1 Introduction

The response of climate extremes to increasing atmospheric CO2 concentration has been studied in great depth in the last decade (Bindoff et al., 2013; Collins et al., 2013; Kunkel et al., 2013). The need to understand changes to these hazardous events motivated an IPCC report focused solely on the topic (Field et al., 2012, IPCC Special Report on Extremes, SREX). This report provided insight as to the limited confidence that the scientific community had in the expected changes of the extremes for a variety of processes (i.e., precipitation, temperature, wind speed, and tropical cyclones). The greatest confidence is attributable to quantities that are more easily modeled, for example, for extreme precipitation the report stated that it ”was very likely that heavy precipitation events …would increase over most areas of the globe.”

This degree of certainty is not common to all impactful climate extremes (National Academies of Sciences, Engineering, & Medicine, 2016). Severe thunderstorms (ones producing hail, tornadoes, or damaging straight-line winds) hold greater uncertainty, with confidence low in both observed and projected changes. This is despite a long-term awareness of the need to understand how convective extremes are changing since the earliest climate change assessments (Griffiths et al., 1993). The large annual impacts of these events motivate much of this need. Every year hail causes widespread damage to crops and property, while tornadoes in particular can produce intense localized destruction, and are more frequent and violent in the U.S. than in any other country (LLoyd's, 2013). In the last decade, Contiguous United States (CONUS) average annual losses from severe thunderstorms have trended upward and due to their regularity have exceeded those due to hurricanes (Sander et al., 2013). While evidence of changes is growing for the historical period, the challenge for observed trends is that these phenomena can be difficult to assess directly through time as historical data are inconsistent or incomplete (Doswell, 2007). This has lead to the use of environmental proxies (Brooks et al., 2003) and convective allowing simulations as a way to explore current and future trends. In fact, the observed trends have been accompanied by evidence of increases to severe thunderstorm hazards through proxies for the frequency of tornadoes and tornado outbreaks (Gensini & Brooks, 2018; Tippett et al., 2016), hailstorms (Mohr & Kunz, 2013; Rädler et al., 2018; Tang et al., 2019), and the overall frequency of severe thunderstorm events (Koch et al., 2021; Taszarek, Allen, Brooks, et al., 2021).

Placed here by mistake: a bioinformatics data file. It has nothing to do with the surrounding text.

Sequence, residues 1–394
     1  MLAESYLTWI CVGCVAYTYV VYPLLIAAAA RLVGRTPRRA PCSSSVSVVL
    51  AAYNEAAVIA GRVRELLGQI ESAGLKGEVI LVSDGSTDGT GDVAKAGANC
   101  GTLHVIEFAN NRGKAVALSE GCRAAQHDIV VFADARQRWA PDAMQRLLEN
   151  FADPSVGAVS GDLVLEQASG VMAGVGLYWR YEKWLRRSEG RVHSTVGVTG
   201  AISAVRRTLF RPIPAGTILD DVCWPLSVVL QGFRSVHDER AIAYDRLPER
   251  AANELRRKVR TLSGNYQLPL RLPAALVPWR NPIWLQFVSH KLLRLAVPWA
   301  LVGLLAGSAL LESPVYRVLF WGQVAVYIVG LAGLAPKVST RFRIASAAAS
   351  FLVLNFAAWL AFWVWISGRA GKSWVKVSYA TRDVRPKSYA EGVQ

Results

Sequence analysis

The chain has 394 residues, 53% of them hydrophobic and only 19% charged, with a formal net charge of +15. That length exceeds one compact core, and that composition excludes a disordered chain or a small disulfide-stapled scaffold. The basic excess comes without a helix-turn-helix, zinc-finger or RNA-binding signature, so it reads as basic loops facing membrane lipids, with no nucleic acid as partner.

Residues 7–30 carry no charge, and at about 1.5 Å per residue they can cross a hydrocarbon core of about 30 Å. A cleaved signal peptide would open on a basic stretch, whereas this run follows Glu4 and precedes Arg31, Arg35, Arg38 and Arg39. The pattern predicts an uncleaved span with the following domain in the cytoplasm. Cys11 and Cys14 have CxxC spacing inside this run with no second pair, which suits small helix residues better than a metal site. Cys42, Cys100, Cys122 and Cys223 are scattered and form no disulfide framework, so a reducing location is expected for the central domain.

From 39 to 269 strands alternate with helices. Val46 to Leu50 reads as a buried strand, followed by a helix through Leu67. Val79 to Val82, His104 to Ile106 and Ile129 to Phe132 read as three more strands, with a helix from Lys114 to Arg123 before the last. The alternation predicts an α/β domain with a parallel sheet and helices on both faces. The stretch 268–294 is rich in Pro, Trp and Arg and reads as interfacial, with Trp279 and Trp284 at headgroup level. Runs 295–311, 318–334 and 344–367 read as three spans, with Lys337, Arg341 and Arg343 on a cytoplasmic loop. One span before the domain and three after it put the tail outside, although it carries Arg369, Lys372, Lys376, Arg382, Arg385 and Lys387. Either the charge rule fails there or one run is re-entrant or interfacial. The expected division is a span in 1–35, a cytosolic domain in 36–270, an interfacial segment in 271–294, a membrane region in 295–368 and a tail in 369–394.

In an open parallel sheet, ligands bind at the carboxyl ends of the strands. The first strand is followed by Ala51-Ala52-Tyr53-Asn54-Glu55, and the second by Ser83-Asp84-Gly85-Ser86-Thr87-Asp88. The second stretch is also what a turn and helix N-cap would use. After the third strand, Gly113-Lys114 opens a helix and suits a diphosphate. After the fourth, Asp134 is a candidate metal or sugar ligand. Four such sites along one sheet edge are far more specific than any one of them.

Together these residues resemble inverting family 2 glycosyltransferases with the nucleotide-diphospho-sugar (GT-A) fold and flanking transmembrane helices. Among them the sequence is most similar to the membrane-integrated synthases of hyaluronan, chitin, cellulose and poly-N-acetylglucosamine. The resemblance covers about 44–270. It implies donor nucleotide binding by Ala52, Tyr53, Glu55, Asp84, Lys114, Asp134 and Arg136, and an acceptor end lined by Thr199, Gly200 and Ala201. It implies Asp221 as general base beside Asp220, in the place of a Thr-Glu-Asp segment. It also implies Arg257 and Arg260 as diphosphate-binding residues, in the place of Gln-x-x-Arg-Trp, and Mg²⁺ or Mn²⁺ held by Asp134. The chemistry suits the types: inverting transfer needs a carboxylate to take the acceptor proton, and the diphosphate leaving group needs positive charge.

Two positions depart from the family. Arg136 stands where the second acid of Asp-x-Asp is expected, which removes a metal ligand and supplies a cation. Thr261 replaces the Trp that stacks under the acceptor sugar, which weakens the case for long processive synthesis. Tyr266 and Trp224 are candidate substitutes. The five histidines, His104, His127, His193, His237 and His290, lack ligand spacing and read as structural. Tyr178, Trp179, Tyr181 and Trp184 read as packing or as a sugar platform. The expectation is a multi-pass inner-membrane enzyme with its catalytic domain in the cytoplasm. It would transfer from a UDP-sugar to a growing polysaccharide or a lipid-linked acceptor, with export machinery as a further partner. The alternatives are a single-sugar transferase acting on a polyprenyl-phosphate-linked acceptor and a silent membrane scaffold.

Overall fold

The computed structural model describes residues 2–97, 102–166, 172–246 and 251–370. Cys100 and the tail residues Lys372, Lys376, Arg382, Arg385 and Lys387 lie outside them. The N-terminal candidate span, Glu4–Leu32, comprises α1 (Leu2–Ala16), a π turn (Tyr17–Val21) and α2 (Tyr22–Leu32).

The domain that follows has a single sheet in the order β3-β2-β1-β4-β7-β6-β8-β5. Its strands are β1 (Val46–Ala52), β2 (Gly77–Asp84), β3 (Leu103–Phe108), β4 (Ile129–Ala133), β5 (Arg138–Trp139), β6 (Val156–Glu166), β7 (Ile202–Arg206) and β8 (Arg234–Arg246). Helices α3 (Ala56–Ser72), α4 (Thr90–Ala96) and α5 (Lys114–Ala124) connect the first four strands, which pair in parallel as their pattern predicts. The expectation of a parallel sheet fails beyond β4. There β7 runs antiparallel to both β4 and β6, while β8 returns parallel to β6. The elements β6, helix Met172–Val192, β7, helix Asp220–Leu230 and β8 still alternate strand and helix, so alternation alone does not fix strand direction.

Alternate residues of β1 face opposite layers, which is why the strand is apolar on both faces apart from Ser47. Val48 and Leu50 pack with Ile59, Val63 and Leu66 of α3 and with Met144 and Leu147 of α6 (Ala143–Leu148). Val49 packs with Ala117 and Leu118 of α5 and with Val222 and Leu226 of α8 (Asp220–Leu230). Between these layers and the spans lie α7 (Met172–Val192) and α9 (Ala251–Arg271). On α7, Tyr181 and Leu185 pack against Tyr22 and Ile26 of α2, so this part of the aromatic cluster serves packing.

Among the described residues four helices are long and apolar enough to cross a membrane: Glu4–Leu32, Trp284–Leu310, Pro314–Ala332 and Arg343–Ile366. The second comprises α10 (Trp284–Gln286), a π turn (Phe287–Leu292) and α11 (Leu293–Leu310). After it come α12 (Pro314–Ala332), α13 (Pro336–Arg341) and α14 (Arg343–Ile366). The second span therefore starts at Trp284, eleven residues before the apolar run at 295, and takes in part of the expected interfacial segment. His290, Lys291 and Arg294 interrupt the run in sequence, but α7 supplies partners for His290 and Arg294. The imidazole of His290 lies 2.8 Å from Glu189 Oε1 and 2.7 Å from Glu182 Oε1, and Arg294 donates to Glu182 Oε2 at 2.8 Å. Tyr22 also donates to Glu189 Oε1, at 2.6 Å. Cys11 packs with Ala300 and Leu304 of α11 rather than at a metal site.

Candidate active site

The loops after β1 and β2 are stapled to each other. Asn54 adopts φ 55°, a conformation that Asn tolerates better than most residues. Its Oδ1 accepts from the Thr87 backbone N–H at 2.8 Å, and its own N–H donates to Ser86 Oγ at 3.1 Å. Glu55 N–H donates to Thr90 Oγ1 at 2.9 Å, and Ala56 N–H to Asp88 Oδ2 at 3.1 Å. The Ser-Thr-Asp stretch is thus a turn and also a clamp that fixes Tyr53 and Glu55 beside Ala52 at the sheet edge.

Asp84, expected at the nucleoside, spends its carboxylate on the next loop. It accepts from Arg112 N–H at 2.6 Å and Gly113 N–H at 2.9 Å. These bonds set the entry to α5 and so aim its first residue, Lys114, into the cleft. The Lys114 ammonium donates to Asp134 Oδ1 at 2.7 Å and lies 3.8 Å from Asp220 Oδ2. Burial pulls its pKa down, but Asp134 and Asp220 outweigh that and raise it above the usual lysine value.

The main challenge for understanding the impact of climate change on severe thunderstorms is that they are not resolved in traditional climate modeling frameworks (Bindoff et al., 2013; Kunkel et al., 2013). Early studies on the effects of climate change on severe convection were limited by horizontal model resolution and limited computational resources (McMaster, 1999; Niall & Walsh, 2005). Increasing spatial and temporal resolution since the CMIP3 generation led to several studies that explored projected changes in convective environments in response to increasing CO2 concentration (Allen et al., 2014b; Brimelow et al., 2017; Diffenbaugh et al., 2013; Gensini et al., 2014; Glazer et al., 2020; Hoogewind et al., 2017; Mohr et al., 2015; Púčik et al., 2017; Rädler et al., 2019; Seeley & Romps, 2015; Singh et al., 2017; Trapp et al., 20072009), focusing primarily on the CONUS and more recently Europe. These convective environmental proxies are functions of quantities such as convective available potential energy (CAPE), convection inhibition (CIN), and wind shear (S, in particular for 0–6 km AGL atmospheric depth, S06, and 0–1 km AGL depth, S01, or in the form of storm relative helicity, SRH) and co-variate products for severe weather days. Generally, these studies have highlighted increasingly available instability due to warming of the lower troposphere, with the largest increases resulting from increasing mixing ratios proximal to warm tropical oceans (Allen et al., 2014b; Diffenbaugh et al., 2013; Glazer et al., 2020; Rädler et al., 2019; Singh et al., 2017). This increase has been shown to play a role in extending the duration of the year favorable to severe convective storms, and perhaps reducing the frequency during summer when CIN is maximized (Diffenbaugh et al., 2013; Hoogewind et al., 2017). While early studies highlighted the potential for S06 to decrease (Trapp et al., 2007), these have been tempered regionally by evidence that these decreases occur on days that have low CAPE and vary between continents, while appearing to be outweighed by increases during the spring and fall (Allen et al., 2014b; Diffenbaugh et al., 2013; Púčik et al., 2017). However, while such assessments of change can provide useful context, not all favorable environments result in convective storms.